Photo Credit: Timothy T. Ludwig-USA TODAY Sports
ORCHARD PARK – When it comes to developing quarterbacks, Buffalo has been a futile destination for young passing talents.
Failed quarterback projects J.P. Losman and E.J. Manuel remain all too fresh on the minds of Bills fans. Now, both the fans and the franchise have put their faith in the latest first-round draftee, Josh Allen to be the QB they’ve longed for since the glory days of Jim Kelly.
Those are some lofty expectations to put on a gunslinging but raw talent like Allen. Which is exactly why the Bills brass is doing their best to ease him into his eventual role as franchise quarterback.
With Buffalo wrapping up their third and final session of OTA’s this week, Allen has yet to take any reps under center beyond the third team. According to head coach Sean McDermott, that’s by design.
“It’s early in our process here and we’ve got a plan, we’ve got to stick with it,” McDermott said of Allen’s early restriction to the third team. “[It] doesn’t mean we don’t listen and keep our ear to the ground and our eyes peeled for what’s going on and adjust according; that’s important. The important part right now is to develop a good foundation and that’s what we’re doing.”
Patience is something past Bills regimes have failed to show in their attempts to develop young quarterbacks. This group, however, led by McDermott, seems hellbent on not repeating the franchise’s past missteps. Committed as the organization may seem to bringing Allen along slowly though, he’s not necessarily stuck as third-string for this upcoming season.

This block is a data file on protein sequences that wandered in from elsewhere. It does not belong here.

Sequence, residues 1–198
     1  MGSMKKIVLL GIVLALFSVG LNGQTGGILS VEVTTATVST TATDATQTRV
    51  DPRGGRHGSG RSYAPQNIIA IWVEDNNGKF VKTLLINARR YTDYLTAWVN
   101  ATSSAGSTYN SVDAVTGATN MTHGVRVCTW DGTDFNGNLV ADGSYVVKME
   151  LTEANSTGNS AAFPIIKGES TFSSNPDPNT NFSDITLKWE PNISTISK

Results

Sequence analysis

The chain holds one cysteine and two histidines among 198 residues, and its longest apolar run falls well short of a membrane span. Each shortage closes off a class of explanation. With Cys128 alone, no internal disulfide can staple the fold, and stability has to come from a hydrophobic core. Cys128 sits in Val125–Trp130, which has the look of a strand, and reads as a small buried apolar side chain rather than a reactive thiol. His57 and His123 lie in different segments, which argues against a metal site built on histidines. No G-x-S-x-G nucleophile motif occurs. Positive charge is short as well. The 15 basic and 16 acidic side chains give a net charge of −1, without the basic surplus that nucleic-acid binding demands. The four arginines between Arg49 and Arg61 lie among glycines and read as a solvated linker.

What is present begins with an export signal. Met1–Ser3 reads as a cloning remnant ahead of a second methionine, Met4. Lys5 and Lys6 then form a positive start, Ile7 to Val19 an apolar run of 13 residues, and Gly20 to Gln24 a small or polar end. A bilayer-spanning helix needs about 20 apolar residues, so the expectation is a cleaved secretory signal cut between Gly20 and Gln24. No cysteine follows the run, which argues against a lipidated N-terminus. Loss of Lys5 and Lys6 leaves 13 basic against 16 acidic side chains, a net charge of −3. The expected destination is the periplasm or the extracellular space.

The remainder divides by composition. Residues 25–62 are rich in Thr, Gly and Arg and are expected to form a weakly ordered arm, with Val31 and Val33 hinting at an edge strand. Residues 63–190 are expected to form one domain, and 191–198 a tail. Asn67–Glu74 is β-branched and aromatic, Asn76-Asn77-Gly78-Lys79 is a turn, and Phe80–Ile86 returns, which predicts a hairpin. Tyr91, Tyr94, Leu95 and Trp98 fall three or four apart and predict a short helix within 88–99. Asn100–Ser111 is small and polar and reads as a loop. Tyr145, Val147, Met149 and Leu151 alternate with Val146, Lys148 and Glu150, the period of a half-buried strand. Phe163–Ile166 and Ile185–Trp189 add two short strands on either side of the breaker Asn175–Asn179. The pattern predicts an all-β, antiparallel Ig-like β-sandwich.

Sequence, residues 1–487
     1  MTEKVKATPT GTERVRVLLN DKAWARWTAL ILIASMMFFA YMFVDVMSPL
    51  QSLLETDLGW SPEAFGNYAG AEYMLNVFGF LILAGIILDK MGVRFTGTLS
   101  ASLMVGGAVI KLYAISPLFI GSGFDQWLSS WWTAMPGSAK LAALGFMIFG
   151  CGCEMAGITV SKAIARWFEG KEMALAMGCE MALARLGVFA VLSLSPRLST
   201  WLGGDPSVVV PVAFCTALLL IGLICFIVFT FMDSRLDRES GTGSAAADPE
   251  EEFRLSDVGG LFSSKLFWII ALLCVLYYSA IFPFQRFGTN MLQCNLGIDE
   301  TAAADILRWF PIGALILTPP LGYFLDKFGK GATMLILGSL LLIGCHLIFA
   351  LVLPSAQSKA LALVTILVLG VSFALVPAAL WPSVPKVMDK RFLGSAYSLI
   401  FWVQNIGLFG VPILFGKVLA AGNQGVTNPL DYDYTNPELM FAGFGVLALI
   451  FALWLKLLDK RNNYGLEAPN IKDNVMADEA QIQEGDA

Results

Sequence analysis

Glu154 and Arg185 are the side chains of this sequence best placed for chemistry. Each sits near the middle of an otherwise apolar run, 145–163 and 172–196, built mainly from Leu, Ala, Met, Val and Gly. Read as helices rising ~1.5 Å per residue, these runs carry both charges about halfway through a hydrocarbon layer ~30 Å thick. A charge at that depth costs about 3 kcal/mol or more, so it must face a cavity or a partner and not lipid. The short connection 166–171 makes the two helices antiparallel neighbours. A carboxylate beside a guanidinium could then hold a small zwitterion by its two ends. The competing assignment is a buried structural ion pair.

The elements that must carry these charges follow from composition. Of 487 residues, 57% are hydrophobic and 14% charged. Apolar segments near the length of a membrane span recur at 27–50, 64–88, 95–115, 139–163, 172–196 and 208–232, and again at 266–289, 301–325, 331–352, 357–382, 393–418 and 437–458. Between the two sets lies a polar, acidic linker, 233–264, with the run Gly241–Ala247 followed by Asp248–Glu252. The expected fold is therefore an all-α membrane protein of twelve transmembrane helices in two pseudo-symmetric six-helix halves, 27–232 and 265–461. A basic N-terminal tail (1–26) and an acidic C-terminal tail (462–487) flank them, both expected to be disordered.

“Yeah, so that’s a fluid situation with respect to Josh,” McDermott said of the current QB depth chart. “[But,] in terms of the reps, it’s been, to this point, as I mentioned, Nate [Peterman] and AJ [McCarron] have split the ones and then Josh is working with the threes.”
With mandatory minicamp on the horizon next week and training camp looming in August, there is still plenty of time for Allen to rise up the depth chart. Given McDermott’s adamancy to stay the course though, it’s unlikely the Wyoming product will find himself starting under center come Week One.
For all intents and purposes that job belongs to McCarron in 2018, who signed a two-year deal with Buffalo this past offseason. In theory, the Bills can start the former Bengals QB and give Allen time to sit and learn. It’s the scenario teams dream of being in when they draft a potential franchise-changing quarterback – pairing him with a veteran to avoid starting him right away.
That process is even smoother when the vet slated to start is willing to serve as a mentor to the rookie. And while McCarron knows he has work to do in earning the starting role – it’s not in McDermott’s nature to hand out jobs willy-nilly – he’s been able to put his individual competitiveness on the backburner at times, to do just that.
“The great part, as I’ve gotten to know A.J. is, you watch him and he’s one heck of a teammate, which is, to me, a great compliment as a player, as a quarterback,” McDermott said. “He has a nice relationship with both Nate and Josh in the meeting room as well, which is important for that dynamic. He’s seen quite a bit of football, and to be able to share that with those two, who are a little bit younger, in this case, has been a good thing to watch to this point.”
McCarron’s guidance combined with the Bills’ willingness to execute patience in developing Allen, could go a long way in the No. 7 overall pick, becoming that quarterback Bills fans have longed for.